Navigating The Holidays With Aphasia

“There’s something about a Christmas sweater that will always make me laugh.”

Many greet the holidays with cheerful anticipation. After all, it means time with family, those Hallmark movies that everyone loves, and the overall holly jolly spirit of Christmas. However, for those with aphasia, the holidays can bring anxiety and loneliness. But it doesn’t have to be this way. With the help of family and friends and a little planning, the holidays can be joyful again. Here are a few tips to help you along the way!

Educate Family & Friends

Speaking to family and friends in advance about your specific needs in social settings is an important first step. Often, loved ones need to be educated and sometimes reminded about the best ways to communicate and support you.

Here are some common helpful tips to share.

  • Speak Slowly
  • Don’t raise your voice
  • Be patient
  • Gesturing can be helpful
  • Write it down or type it
Practice Functional Phrases

Starting and keeping a conversation going is tough for someone with aphasia and apraxia. It can be beneficial to practice a script before a social gathering. You’ll feel confident and less lonely when around friends and family.

TIP: Aphasia Readers has a series of Fridge Functional Phrases that are free to download, print, and put on your fridge to remind you to practice your speech. Check them out on our Fridge Functional Phrases page.

Be prepared

The holidays can be chaotic at times. Try to think ahead when it comes to holiday activities and travel planning. Here are a few settings you may find yourself in and ways to prepare in advance to enhance your communication skills.

Going Out For A Holiday Dinner

  • Look up the restaurant and menu in advance and practice saying your order.
  • Bring visual aids with you if appropriate.
  • Don’t forget to bring any technology (phone, tablets, books, etc.) to help you communicate effectively.

 

Traveling

  • Getting through the airport can be a task on its own, even for people without aphasia. During the holidays, make sure to print out your aphasia ID card so those you encounter know how to communicate with you.
  • Practice functional phrases in advance so you feel confident communicating.
  • Make sure to pack any technology that’s helpful in communicating. Use it to order meals and practice your speech during down times.
Pace Yourself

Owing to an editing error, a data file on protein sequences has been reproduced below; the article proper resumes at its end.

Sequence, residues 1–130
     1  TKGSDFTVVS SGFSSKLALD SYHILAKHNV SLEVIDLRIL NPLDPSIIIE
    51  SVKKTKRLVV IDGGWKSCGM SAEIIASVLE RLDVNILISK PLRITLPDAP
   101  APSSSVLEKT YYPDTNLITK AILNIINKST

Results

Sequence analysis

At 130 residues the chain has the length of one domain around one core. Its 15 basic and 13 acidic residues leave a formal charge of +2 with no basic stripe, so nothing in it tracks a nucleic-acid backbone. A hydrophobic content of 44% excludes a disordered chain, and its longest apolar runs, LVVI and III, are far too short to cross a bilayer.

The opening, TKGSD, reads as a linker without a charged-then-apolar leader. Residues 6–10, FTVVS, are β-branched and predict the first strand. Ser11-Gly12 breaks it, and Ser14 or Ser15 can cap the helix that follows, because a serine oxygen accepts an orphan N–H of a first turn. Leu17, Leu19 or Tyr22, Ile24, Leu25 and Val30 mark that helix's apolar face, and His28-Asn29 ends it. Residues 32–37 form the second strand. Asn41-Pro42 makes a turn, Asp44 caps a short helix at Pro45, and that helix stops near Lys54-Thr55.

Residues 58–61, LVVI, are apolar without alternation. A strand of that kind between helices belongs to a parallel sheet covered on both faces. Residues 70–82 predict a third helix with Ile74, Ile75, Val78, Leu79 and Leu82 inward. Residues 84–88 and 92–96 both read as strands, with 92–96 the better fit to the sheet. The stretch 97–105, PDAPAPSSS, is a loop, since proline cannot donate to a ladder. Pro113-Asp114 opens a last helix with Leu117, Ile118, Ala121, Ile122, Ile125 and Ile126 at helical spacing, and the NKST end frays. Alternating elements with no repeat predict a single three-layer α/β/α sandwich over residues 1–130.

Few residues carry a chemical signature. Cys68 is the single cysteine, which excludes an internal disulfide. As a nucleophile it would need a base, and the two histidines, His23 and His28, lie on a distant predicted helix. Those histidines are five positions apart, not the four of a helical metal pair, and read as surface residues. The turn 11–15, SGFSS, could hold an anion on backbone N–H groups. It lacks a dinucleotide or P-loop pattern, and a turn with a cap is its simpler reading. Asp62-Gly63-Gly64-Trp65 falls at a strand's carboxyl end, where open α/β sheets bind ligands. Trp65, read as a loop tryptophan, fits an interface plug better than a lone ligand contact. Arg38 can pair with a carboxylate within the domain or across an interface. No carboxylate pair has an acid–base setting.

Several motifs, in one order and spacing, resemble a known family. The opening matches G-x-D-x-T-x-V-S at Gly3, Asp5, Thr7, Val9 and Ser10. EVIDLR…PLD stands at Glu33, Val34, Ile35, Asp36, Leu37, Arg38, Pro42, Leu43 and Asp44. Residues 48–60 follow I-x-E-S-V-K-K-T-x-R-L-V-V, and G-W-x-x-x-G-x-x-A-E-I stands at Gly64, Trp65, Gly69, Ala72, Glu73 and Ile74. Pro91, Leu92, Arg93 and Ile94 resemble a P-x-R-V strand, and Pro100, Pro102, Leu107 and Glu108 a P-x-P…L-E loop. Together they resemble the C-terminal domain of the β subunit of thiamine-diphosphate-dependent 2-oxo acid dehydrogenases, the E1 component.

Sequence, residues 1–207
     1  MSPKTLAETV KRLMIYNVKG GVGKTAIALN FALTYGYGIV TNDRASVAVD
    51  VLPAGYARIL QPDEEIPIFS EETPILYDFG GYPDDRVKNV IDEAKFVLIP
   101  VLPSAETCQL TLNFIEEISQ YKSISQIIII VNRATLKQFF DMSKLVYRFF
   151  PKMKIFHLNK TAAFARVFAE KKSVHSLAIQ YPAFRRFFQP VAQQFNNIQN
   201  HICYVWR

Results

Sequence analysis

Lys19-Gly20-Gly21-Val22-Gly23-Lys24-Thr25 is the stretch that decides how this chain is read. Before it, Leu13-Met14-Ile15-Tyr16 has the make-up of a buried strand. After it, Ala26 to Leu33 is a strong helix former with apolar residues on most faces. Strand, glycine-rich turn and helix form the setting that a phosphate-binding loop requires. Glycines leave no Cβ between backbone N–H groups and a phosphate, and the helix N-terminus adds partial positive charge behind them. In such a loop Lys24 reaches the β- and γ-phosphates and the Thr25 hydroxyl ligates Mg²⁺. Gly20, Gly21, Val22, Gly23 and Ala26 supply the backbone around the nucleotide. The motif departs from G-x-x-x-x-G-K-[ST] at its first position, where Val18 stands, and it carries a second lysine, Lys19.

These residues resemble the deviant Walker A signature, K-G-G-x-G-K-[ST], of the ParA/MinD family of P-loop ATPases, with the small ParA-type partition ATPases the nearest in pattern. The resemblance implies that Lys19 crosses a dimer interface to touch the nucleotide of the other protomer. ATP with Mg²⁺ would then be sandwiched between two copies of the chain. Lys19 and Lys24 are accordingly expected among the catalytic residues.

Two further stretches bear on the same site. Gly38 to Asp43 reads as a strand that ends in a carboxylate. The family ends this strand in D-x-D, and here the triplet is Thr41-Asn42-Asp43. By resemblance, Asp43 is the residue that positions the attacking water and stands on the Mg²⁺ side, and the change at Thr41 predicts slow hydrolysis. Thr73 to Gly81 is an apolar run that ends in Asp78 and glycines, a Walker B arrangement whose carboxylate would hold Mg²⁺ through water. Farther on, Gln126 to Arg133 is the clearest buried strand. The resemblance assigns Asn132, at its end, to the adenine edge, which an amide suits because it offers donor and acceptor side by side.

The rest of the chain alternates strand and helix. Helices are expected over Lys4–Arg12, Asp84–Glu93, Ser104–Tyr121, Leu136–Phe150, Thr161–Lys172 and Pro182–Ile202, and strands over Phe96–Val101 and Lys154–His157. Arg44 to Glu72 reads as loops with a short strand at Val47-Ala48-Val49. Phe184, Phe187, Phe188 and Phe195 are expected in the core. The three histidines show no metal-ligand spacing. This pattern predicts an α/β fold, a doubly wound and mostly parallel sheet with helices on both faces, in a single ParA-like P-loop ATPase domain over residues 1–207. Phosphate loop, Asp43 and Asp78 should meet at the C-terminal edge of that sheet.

The holidays are known for being the busiest time of the year. If you’re someone who experiences neuro fatigue, it’s essential to listen to your body and pace yourself when asked to participate in activities. You may find that you get frustrated or overwhelmed, but taking a break and regrouping can help you stay healthy and happy.

Holiday Budgeting

Those with aphasia and their caregivers should remember to have open conversations about holiday budgeting. Caregivers and/or family members are encouraged to find ways to allow their loved one with aphasia to participate in holiday shopping for gift-giving. Consider loading up a gift card to stay within a specific budget or just sitting down to discuss the budget and expectations for the holidays.

TIP: Shopping online can provide a calmer environment without worrying about the holiday rush.

Make New Traditions

Traditions bring families together and help create memorable experiences. Don’t be afraid to create new traditions that are more enjoyable and comfortable. It’s one thing to get in extra practice with social activities, but it’s also good to engage in low-stress activities such as riding around to look at Christmas lights or listening to music while decorating the Christmas tree.

For support, questions, or if you need a friend to talk to who just “gets it,” please feel free to contact us at info@aphasiareaders.com. Don’t forget to follow us on Facebook and Instagram for the latest news from Aphasia Readers! If you haven’t picked up an Aphasia Readers book, order your copy HERE!

God Bless,

Anna Teal

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